The Conservative Case for Mass Transit

The car is king in America, but not because of the free market or conservative values.

British motorists react with horror at the prospect of a strike on the train system or buses.  They know that already-congested roads will be swamped with thousands of additional vehicles.  Any moves to shut down railroads would be met with outrage from motorists as well as rail commuters.
American motorists, particularly those of a conservative bent, have a different attitude to mass transit and some would rejoice at the permanent elimination of train services.  In Mitt Romney’s 2012 presidential election campaign he even threatened to close down Amtrak, a poorly funded passenger rail service.  This was music to the ears of his supporters who see such services as a drain on the public purse.  The effect of such a closure on already-congested freeways does not enter this sort of short-sighted discussion.
Unlike Europe where mass transit is an accepted part of the essential national infrastructure, hostility to the very existence of it is deeply ingrained in American conservative thought.  Buses and trains are seen as a symbol of the collective endeavor of socialism, whereas the owner-driven car is a symbol of independence, individual expression, capitalism, and prosperity.  But does this really chime with conservative values?
Take the seemingly pragmatic conservative argument that people should have the freedom to choose how they want to travel.  Railway use has dwindled in America where, uniquely in the developed world, it is now almost perceived as an outmoded form of transportation.  The American people are abandoning the “socialist” train for the “capitalist” car.  But do they have legitimate options to choose from, or are they being coerced into the automobile by government interference in the market? 
A new Mustang might be the ultimate symbol of freedom, but a car is only half a system.  The private automobile would be quite useless without a road on which to drive, and only government can provide it.  Roads must be constructed, maintained, landscaped, and adorned with signage, signals, detector loops, lighting, and other infrastructure.  If this were all paid for by gasoline taxes then American motorists would be paying a European style $8 per gallon at the pump.  This would be twice what Americans are paying now, but the popular perception is still that we live in an age of unusually expensive gasoline, so conditioned were American consumers to paying a dollar per gallon.  Road transportation in America is heavily subsidized by the federal income tax, and yet trains and buses are singled out for opprobrium for their “wasteful subsidies”.  Our generous car-centric infrastructure has become an entitlement.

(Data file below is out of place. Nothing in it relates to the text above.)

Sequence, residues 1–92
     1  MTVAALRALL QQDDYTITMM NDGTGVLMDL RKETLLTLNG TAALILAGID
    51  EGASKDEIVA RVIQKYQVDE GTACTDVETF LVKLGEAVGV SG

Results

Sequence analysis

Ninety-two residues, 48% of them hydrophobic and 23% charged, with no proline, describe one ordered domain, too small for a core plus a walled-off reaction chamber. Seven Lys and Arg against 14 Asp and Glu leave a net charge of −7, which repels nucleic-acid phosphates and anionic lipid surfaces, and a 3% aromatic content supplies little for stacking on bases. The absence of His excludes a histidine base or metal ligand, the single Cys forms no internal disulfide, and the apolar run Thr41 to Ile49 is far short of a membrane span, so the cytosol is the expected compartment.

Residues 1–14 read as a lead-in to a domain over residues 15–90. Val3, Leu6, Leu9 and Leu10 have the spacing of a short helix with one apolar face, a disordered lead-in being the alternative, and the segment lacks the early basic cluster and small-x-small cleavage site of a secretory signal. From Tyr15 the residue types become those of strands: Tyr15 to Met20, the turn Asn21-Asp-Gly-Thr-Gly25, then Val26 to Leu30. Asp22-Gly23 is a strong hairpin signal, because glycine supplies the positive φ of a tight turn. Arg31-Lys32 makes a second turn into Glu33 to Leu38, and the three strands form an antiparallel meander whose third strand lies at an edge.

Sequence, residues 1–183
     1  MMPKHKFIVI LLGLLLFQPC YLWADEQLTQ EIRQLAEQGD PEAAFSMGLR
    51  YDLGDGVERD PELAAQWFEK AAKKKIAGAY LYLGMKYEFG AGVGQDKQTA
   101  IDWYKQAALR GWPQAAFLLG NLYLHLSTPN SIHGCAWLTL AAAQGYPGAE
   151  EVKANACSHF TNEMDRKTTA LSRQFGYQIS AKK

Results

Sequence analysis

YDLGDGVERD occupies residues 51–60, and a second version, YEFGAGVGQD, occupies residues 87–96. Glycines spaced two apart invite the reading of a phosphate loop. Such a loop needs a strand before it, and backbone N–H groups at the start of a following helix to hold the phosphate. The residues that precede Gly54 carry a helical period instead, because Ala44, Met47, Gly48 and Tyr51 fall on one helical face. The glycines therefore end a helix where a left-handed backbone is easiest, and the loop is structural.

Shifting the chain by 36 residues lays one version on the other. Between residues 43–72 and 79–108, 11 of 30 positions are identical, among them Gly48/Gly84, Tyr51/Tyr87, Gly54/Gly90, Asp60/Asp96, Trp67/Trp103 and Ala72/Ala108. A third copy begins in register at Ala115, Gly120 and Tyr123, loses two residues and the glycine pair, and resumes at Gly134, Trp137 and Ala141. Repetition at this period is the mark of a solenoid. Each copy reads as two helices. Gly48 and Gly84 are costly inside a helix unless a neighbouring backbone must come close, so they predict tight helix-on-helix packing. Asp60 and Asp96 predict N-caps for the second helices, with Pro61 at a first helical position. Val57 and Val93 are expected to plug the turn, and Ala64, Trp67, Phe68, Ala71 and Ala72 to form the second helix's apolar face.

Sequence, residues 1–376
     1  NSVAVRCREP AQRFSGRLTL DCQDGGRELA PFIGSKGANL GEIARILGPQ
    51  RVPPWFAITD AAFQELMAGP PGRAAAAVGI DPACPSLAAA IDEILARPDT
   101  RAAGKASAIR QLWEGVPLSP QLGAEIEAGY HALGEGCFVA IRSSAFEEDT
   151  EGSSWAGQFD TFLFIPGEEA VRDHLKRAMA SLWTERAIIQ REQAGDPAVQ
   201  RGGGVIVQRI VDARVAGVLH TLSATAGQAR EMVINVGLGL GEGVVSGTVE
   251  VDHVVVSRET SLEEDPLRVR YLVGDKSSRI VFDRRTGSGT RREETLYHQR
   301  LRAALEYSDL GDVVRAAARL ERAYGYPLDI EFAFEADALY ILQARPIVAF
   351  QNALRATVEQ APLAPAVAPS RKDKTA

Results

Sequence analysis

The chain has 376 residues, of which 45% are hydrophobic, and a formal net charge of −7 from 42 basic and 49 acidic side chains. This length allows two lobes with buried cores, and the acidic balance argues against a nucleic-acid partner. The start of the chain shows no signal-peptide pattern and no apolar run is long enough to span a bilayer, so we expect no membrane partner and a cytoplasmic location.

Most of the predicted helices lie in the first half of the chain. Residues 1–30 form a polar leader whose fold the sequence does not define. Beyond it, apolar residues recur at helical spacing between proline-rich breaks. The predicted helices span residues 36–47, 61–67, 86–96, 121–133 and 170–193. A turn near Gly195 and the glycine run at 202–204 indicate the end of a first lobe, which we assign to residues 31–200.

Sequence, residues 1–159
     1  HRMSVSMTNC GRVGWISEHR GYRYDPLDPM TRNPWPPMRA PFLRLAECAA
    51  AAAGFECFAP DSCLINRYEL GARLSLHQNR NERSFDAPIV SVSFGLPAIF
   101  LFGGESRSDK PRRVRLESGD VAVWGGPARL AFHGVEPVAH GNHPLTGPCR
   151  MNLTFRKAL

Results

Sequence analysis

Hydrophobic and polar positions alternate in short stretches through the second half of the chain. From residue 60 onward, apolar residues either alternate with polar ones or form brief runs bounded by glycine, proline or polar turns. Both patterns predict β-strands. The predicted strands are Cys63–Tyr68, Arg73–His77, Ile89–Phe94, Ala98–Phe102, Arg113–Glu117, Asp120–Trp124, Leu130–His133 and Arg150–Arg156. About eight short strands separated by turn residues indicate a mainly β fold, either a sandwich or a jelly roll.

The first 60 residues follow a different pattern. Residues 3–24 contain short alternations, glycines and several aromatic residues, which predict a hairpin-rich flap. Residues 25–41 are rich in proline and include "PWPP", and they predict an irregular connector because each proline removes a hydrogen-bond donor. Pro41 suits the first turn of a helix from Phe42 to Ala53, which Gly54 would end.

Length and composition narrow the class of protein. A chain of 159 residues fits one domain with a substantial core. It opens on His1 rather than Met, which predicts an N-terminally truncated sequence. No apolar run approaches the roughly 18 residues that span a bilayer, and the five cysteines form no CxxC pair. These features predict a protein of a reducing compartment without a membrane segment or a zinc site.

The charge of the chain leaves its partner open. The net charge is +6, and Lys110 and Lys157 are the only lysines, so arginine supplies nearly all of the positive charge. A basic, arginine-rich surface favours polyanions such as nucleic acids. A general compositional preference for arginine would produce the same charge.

Since the 1960s the geography of many American cities has been shaped around a utopian vision of sprawling roads and happy suburban families escaping the grime of the dreaded crowded city.  The reality has proven to be one of gridlock no matter how many more lanes are added. 
Has the flight to the suburbs taken place because the free market has demanded it?  Not entirely.  Even those who would prefer a more urban lifestyle have been forced into suburbs by government regulations in the form of single-use zoning ordinances.  If an entrepreneur gets wind of a new housing development and wants to build a corner store in or next to it, in many American cities he would be prevented from doing so because government officials have decreed that the area is zoned for residential use only.  Employers do not have the freedom to locate their businesses within walking distance of their customers or employees.  Daily activities are compartmentalized and separated so that each day requires at least one journey using motorized transportation.  Unlike in other developed countries where cities are allowed to grow organically, American cities are artificially forced into low-density car-dependent development where the government has made it dangerous or impossible for people to choose to walk.  Hardly the free market in action.
Conservatives argue that government should not engage in social engineering by forcing people to select one mode of transportation over another, and yet that is exactly what has been happening for fifty years.  The automobile and the lifestyle that goes with it has been foisted on the entire population, while even moderate attempts to provide citizens with the choice of a viable bus or train alternative are met with opposition because of the cost, which is relatively moderate.
In a true free market, businesses would be free to locate where they deem appropriate.  Decisions about the appropriateness or otherwise of a particular location would be decided on a case-by-case basis with each planning application.  Roads would be funded through gasoline taxes or tolls by the people who use them.  Families who choose to live in suburbs would be free to do so, but singles who want to live in higher density downtown areas without owning a car would also have the freedom to do so.  Resources for infrastructure would be allocated according to demand.  All cities would have high density cores where it would be feasible for mass transit to operate commercially, as happens in Europe where bus and train services have been privatized, bringing competition and improved service to public transportation.
Opposition to mass transit may be a required soundbite for any Republican running for office, but it is contrary to all the principles that American conservatives purport to hold dear.